Professor Amina Wadud reminded a group in a talk I heard some years ago that to speak a name is to invoke a single tradition when that name is allied with one and only one tradition. She spoke of and to those of us who were engaged in inter-religious discourse who talked about Hagar and Abraham rather than Hugr and Ibrahim.
The professor who guided us through the Dome of the Rock and the Al-Aqsa Mosque yesterday explained to us that Al-Haram al-Qudsi al-Sharif (meaning "the Noble Sanctuary") was the Arabic name for the site and that he and many other Muslims heard in the Jewish traditional name, the Temple Mount - also used by many Christians - an erasure of Muslim presence, history, culture and religion. The Jewish temple has been gone for almost 2000 years. The mosques have been there for more than 1300 years. In any tradition, the holy place is a noble sanctuary.
I also know that  many people still mourn the loss of the Temple and treasure its remaining Western wall. I count myself among them. For some, the absence of the temple is compounded by the presence of other religious sites on the same contested ground. And I understand that the words "the Temple Mount" are an essential reminder of  sacred history and lineage. And there are some who seek a third temple in place of the mosques - I am not among them.
The language seems to force the speaker - even the peace-loving and seeking speaker in an inter-religious conversation - to choose a side, a polarity in the binary. Of course I am a "both/and" woman.

Monday, July 25, 2011

Holy of Holies

The Temple Mount, Dome of the Rock (and Mosque of Omar) and the Al-Aqsa Mosque

These are some of the holiest places on earth. They are also some of the most hotly contested. It was a real privilege to be admitted to the mosques. Tourists are no longer permitted. We were admitted because we are part of an educational institution.

Inside Al-Aqsa is a case displaying the material violence that plagues these holy places, tear gas canisters, rubber bullets and other projectiles fired into the sanctuary. (All those on the top shelf were made in the USA - in PA.)

An unimaginable contrast with the beauty of the mosque:

Here are (more) images from the Al-Aqsa Mosque:

Here are images from the Dome of the Rock which is undergoing renovation for the next 18 months or so. There is also an image of the cave under the Rock:

Our Lady of Hope

Today I stumbled across a gorgeous Armenian church with some of the most beautiful Iconography of the Blessed Mother inside and out. First, Our Lady weeps (I believe for Jerusalem) on the mosaic on the outside of the sanctuary:
  And then in the grotto chapel a mosaic of the Mother holds - instead of the traditional iconic representation of the Christ child - the Blessed Sacrament - for the devotion of the faithful and transformation of the world.

Here is a gallery of images:

Sunday, July 24, 2011

Gospel Pearls

Today's post is a string of thoughts from the past few days organized under some themes from today's Gospel lesson:

The realm of heaven is like a merchant searching for fine pearls who when finding a pearl of great value sells everything and buys it. Matthew 13:45-46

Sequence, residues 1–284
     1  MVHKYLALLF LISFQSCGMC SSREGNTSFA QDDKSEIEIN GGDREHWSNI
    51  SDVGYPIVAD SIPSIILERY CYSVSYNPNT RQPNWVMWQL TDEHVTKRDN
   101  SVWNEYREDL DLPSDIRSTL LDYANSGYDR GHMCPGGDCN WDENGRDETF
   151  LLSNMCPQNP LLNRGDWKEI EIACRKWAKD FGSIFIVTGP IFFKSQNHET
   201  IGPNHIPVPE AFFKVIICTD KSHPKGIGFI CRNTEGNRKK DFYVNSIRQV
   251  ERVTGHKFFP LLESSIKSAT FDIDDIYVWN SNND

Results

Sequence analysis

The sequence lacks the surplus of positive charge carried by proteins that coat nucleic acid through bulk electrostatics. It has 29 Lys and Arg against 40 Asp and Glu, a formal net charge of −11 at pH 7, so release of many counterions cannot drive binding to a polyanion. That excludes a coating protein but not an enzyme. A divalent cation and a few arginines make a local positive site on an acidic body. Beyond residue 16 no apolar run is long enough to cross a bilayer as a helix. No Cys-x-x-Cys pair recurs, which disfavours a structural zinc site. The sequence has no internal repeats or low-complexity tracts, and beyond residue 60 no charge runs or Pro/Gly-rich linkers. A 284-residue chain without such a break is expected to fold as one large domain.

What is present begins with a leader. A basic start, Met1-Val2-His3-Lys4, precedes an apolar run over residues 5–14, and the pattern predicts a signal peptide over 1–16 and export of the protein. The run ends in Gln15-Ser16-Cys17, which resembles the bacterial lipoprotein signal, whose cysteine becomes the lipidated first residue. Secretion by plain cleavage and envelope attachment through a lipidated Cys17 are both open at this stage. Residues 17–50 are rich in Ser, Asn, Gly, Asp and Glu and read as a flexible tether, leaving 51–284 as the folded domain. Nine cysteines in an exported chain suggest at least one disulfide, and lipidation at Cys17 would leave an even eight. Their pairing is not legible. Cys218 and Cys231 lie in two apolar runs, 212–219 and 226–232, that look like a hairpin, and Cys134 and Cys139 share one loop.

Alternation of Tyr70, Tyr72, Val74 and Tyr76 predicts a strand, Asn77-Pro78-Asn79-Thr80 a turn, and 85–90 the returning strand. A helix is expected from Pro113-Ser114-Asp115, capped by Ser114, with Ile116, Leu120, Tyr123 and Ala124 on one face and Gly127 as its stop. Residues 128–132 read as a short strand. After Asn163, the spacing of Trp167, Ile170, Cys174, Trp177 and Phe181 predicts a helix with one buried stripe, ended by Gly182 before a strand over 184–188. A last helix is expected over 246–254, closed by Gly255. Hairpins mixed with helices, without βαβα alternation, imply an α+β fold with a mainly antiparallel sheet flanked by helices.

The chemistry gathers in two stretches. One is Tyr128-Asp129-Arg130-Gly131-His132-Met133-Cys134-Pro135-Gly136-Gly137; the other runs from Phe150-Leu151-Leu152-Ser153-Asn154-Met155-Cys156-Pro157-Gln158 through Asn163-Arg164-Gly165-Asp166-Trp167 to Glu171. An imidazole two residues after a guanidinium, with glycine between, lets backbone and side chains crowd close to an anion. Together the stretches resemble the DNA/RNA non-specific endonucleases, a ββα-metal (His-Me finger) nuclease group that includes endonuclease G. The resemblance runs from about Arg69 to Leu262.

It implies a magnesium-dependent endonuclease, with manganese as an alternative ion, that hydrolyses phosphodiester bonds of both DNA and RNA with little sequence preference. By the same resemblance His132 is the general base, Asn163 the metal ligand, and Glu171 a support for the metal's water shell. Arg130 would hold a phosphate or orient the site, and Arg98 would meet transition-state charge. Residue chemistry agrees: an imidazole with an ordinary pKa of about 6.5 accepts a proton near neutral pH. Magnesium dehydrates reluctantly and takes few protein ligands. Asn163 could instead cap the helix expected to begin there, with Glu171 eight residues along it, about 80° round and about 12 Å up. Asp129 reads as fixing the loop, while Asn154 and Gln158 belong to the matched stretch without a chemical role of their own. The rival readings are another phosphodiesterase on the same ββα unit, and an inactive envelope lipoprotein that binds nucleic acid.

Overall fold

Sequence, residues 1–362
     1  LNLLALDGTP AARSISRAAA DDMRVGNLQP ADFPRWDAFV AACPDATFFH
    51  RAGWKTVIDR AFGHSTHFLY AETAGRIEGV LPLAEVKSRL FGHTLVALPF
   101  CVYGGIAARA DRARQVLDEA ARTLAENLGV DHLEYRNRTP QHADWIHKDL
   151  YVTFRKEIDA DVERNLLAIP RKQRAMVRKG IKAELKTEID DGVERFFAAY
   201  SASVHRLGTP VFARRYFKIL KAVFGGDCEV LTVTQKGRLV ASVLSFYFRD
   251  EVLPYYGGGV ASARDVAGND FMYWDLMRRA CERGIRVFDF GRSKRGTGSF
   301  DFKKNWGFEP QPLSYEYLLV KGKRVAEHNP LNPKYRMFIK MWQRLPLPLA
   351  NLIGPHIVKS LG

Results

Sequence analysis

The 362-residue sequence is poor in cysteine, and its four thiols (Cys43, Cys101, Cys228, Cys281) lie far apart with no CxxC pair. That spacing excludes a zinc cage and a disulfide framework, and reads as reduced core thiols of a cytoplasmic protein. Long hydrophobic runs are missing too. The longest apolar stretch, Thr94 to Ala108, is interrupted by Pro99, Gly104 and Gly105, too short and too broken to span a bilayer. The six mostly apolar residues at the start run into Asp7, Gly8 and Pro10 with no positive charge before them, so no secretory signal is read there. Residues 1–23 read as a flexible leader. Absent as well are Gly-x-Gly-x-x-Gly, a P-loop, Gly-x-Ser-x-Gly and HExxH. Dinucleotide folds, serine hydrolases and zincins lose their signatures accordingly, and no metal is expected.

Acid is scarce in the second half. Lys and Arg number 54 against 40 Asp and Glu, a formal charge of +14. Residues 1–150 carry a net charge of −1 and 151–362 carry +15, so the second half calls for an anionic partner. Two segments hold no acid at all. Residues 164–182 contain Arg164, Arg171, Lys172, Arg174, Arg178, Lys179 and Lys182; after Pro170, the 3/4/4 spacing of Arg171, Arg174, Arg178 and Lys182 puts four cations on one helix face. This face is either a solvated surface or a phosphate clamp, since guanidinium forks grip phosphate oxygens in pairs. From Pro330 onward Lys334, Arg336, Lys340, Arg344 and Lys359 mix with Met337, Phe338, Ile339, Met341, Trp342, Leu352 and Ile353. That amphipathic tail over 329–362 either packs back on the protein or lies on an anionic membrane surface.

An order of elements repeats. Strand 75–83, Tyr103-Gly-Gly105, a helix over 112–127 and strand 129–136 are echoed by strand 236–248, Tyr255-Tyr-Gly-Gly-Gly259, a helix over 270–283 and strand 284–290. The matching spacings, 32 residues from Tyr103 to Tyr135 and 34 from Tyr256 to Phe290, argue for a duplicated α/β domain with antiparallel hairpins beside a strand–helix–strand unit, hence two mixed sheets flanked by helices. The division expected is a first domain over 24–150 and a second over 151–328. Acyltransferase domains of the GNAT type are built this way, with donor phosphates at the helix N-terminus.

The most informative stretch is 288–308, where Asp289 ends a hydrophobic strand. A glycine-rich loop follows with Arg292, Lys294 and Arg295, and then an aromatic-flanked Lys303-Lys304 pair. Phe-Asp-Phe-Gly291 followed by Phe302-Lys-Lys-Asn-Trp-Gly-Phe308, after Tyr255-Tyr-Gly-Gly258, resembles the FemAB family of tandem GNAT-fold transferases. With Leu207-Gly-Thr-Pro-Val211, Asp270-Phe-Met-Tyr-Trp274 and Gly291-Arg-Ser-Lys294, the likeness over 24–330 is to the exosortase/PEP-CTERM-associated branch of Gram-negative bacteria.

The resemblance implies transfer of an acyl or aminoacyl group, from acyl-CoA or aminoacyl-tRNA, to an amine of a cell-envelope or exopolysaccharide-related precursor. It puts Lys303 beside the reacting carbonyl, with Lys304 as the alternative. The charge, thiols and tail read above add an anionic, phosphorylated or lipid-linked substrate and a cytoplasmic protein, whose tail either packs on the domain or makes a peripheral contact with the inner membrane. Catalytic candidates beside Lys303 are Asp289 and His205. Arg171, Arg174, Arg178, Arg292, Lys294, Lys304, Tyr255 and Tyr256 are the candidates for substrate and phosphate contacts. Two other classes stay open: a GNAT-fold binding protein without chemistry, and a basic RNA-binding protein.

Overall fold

Is God the merchant here? If so, what and where is the realm? From whom does God buy it? Are we, God's children, the realm in that we will one day populate it? Is the transaction redemption? Or are we the merchant? Are we to sell everything for the sake of the realm and reign of heaven? And then do what? Buy our way in?

The realm of heaven is like yeast that a woman took and mixed in with three measures of flour until all of it was leavened. Matthew 13:31

Here Baker-Woman God is creating the heavens with her bare hands. Here in Jerusalem, this text can be heard with specific regard to the Christian presence and ministry in the Holy Land, (as suggested by the preacher this morning). There are only about 8000 indigenous Christians in Jerusalem, a city of some 500,000. Yet like yeast, the work that Christians do here permeates the city and beyond, changing the surrounding world, for good. The preacher reminded the congregation here that the Diocese educates nearly 9,000 children, many if not most are Muslim. And our hospitals provide care to  many thousands more. Our work for the realm of God is not hindered by our numbers.

Other pearls on the string:
Jerusalem is Israel's largest city and the religious center of the nation and the religions that call it home. Jerusalem is also a prism through which the rest of the country is seen in one light, apart from which the rest of the country can be seen in other lights. The religious complexity and intensity that characterizes Jerusalem does not exist in the same way in other parts of the county. Tel-Aviv is visibly distinct from Jerusalem in the virtual lack of ultra-Orthodox families as a visible presence. There are also significantly more African Israelis in Tel-Aviv. Haifa and Netanyah also have their own characteristics. (Not to mention the Galilee region.) It is easy to forget how much else there is to Israel when based in Jerusalem. Some times the world to come is described in terms of a new Jerusalem, other times in terms of a whole new creation. There are days here when a whole new start sounds like just the ticket, and others when I would like to think that we can change the world with God's help, even here.